Voluntary Influenza Vaccination Uptake Rates and Reasons for Refusal
Matthew Hutchins, Ph.D.; Yasenka Peterson, Ph.D., CHES; Caroline Epler, BSN, RN, MS

Influenza, also known as the flu, is one of the most common seasonal illnesses with outbreaks commonly occurring each year. Although most cases of influenza are mild, up to 25% require outpatient medical care, as many as 4% require inpatient care, and 1% require intensive care. Thus, the prevention of influenza is highly important both for maintaining health and for reducing mortality. Many hospitals have implemented voluntary influenza vaccination programs, which provide free annual seasonal influenza vaccines for all staff. However, even though the influenza vaccination reduces the infection rate by 70% to 90%, the uptake of hospital-provided vaccination is relatively low. Existing data from the 2010-2011 flu vaccination program gained from the employee database of the hospital was used to examine vaccination rates and reasons for refusal at a teaching hospital in the Southeastern United States. Data show that 87.2% of employees were vaccinated or had a medical/religious reason to refuse.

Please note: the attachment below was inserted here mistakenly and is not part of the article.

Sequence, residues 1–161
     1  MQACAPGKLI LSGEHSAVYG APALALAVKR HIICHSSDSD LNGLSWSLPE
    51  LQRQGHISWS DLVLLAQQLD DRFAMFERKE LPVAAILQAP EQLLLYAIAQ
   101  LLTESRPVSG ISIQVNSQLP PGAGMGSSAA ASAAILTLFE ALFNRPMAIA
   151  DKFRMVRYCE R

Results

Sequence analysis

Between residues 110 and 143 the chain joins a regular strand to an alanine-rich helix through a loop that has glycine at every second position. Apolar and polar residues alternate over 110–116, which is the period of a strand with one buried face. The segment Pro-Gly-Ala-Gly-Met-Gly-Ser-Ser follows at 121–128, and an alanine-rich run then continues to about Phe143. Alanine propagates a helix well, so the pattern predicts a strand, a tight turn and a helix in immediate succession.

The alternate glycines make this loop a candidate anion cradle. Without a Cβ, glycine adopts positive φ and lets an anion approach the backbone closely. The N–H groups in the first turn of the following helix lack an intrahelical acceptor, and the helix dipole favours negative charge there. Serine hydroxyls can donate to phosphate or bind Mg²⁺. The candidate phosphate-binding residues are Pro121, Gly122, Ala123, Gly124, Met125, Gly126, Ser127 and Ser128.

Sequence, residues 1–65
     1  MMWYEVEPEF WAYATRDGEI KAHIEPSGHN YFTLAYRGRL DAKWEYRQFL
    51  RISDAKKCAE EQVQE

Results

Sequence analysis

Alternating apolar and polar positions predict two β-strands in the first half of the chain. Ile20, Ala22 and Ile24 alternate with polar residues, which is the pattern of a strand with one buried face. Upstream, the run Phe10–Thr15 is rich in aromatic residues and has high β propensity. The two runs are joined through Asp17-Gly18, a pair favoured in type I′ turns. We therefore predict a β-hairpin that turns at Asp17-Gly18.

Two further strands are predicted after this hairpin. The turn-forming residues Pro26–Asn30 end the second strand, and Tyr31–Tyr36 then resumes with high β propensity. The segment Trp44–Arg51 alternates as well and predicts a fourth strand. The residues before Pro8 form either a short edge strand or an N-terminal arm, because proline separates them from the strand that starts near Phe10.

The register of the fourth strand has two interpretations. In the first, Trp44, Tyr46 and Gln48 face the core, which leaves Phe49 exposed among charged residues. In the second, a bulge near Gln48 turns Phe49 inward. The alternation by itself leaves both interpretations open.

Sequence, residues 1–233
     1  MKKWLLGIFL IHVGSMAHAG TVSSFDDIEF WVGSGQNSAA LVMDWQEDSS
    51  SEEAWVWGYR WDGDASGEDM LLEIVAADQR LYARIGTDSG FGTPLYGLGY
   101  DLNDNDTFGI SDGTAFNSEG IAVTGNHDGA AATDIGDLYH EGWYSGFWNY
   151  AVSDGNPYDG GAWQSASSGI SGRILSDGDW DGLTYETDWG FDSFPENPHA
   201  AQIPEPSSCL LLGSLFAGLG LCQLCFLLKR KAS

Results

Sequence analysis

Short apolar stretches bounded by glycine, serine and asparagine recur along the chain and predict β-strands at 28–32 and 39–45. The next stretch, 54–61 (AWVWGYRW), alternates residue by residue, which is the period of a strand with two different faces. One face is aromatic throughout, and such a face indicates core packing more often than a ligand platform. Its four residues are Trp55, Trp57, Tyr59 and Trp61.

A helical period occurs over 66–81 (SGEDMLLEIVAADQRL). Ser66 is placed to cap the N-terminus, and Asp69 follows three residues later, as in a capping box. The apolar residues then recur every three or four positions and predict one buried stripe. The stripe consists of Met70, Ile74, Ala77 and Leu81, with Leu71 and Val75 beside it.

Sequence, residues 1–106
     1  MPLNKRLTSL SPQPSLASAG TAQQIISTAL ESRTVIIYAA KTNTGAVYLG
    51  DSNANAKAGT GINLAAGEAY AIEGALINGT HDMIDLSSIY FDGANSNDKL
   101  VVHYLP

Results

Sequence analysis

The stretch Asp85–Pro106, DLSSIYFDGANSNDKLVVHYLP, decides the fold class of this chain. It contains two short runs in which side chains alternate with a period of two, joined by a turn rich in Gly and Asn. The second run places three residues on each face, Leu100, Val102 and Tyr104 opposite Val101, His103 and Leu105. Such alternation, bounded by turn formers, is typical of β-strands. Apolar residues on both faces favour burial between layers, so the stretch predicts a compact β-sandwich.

Full Text: PDF     DOI: 10.15640/ijhs.v4n2a2